A young girl dies in an accident and her ghost starts haunting the guy who tried to save her. What is the connection between these two individuals?
Like in his previous film
begins with someone fighting for their life in the middle of a road and the protagonist trying to save them. However, unlike in that film, this happens in broad daylight and the character dies holding the guy's hand. And the ghost of the dead person starts haunting the house of the guy who wanted to be her saviour.
This is the intriguing set-up of
, which, as is the present trend, is a horror film, but one that is singularly distinctive like its director. It starts out as a horror film but gradually turns into an emotional drama that by the end you consider it less a horror film than an ill-fated romance.
When the protagonist Siddharth (the end credits term him as
) realizes that there is a ghost in his house, he is scared stiff, just like any normal human being. He asks his friend to sleep with him and when the friend is attacked, the two are terrified. They approach a medium and what happens when she does a seance inside the house is one of the movie's highlights — a scene that is both scary and comical. However, Siddharth also realizes who the ghost is — Bhavani, the young girl, who he tried to save. But why does she haunt him? Mysskin reveals the mystery in the second half but rather than being shocked, you will be moved.
The film is filled with Mysskin touches — there are tracking shots and floor-level shots (the restless manner in which the camera moves during a stunt scene that takes place in a subway is thrilling); the score, by debutant Arrol Corelli, is filled with silences and strings; there are visually-challenged people, an old lady; a group of three youngsters (one of them is named Plato) who do nothing but have existential discussions; shots held a beat longer than usual in Tamil films (the interval, in fact, isn't announced with a text — the screen just fades to black).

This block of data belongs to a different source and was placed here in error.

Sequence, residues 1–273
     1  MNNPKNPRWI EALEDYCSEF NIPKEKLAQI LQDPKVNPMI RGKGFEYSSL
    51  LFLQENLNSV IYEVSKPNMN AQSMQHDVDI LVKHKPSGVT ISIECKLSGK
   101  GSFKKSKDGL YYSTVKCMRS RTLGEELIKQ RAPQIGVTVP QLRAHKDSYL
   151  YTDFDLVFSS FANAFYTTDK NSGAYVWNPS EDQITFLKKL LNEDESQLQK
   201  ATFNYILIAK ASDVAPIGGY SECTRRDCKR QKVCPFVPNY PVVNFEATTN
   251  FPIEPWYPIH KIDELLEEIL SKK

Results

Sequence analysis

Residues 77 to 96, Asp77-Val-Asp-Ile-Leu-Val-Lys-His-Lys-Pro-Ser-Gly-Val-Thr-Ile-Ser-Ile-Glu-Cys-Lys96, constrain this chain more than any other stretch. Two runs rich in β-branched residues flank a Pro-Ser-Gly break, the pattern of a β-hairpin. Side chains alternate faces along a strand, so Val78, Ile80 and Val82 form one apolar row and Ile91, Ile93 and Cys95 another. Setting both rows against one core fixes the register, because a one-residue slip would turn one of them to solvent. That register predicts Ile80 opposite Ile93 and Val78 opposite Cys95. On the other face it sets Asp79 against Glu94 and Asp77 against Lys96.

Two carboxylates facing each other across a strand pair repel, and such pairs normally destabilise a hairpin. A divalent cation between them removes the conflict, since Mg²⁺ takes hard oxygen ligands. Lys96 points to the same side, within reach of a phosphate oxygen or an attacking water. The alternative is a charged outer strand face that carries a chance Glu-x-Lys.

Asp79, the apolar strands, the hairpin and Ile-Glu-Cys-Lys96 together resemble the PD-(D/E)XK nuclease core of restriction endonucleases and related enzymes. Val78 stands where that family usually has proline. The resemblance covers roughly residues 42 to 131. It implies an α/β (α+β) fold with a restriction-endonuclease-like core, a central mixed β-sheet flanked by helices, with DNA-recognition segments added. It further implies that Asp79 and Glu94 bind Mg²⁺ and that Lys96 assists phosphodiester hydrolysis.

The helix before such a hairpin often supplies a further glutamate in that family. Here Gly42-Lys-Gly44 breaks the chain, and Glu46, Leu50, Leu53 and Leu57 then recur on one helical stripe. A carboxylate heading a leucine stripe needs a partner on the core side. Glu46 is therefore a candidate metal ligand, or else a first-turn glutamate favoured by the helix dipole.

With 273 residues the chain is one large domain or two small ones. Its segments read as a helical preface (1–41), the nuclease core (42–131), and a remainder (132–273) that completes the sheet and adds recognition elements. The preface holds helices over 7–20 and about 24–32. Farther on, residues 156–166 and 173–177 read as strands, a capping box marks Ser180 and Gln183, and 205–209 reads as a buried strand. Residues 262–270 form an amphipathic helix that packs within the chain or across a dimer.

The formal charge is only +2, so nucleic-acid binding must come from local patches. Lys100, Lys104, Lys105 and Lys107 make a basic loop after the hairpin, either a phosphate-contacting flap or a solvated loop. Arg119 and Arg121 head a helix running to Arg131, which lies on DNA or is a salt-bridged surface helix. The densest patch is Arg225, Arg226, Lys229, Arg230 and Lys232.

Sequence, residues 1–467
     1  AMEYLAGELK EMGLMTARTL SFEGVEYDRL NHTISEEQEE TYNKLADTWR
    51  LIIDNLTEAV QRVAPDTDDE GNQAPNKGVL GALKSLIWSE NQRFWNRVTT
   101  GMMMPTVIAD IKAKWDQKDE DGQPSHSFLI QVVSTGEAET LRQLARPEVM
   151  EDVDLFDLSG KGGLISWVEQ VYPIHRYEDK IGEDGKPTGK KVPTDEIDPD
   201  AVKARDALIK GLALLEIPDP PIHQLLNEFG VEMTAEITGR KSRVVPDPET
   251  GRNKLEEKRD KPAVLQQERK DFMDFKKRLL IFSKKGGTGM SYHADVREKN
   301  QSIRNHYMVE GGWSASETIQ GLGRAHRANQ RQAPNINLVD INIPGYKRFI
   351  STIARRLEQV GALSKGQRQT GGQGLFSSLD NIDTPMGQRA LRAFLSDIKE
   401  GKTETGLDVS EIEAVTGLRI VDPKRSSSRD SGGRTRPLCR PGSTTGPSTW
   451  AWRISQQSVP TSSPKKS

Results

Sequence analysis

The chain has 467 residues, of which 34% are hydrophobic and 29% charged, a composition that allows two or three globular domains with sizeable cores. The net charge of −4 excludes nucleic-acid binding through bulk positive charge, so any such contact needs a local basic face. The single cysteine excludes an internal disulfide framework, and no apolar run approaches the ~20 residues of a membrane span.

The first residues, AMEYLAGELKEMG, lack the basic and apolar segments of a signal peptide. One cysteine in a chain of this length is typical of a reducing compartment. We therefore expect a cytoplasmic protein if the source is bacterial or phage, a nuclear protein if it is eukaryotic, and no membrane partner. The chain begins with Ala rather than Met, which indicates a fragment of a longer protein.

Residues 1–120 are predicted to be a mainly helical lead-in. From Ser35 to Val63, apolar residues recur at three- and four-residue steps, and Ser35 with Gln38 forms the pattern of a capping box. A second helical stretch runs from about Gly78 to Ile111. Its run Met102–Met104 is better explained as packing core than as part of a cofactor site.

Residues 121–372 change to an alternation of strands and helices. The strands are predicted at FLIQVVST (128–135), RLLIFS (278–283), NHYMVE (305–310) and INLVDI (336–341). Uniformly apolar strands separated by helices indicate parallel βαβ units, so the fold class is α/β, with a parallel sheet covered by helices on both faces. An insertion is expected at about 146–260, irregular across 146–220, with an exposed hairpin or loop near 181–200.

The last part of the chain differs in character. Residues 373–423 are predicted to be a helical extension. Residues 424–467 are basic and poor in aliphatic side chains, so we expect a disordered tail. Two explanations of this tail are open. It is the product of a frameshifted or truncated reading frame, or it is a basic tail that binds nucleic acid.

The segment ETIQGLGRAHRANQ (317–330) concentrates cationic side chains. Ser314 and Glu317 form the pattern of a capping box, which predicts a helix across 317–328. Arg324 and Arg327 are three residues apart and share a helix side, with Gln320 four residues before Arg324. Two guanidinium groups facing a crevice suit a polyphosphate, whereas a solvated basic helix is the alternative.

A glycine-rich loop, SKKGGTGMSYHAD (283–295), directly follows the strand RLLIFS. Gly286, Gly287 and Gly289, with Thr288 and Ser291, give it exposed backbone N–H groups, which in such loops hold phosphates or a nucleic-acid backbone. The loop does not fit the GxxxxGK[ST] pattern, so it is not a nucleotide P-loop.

Mysskin manages to extract commendable performances from the lead pair (Naga, with his mopey hair, feels just right as the confused Siddharth) and for once, veteran Radha Ravi gets a substantial role — as the grief-stricken, revenge-seeking father of Bhavani. The director also gives his 'pissasu' a unique look and the fluidity of the ghost's movement both when it crawls and when it floats is superbly realized. The final revelation (it would be unfair to call this a twist), which involves colour blindness, feels like something that only this director is capable of dreaming up (an earlier scene involving an auto carrying a fatally injured character stopping at the signal, which seemed to suggest black humour just like the one in
where people take photographs of an injured person on the road, gets a different meaning), and it adds to the idiosyncratic nature of the film.
But the film, the second half to be specific, suffers from the same problem as Naga's
. Once we realize the attitude of the ghost towards the protagonist, it takes away quite a bit of the tension. We know he will remain unharmed and so, there is nothing to dread anymore, and horror films need an element of fear to keep the viewer on the edge of the seat. And once the ghost gets a form (after remaining invisible or only partly visible for most parts of the film), we are soon accustomed to it and do not get scared. But, the climax compensates for this by giving us something to care about — two loving hearts, one filled with regret and the other filled with compassion, but destined to stay apart.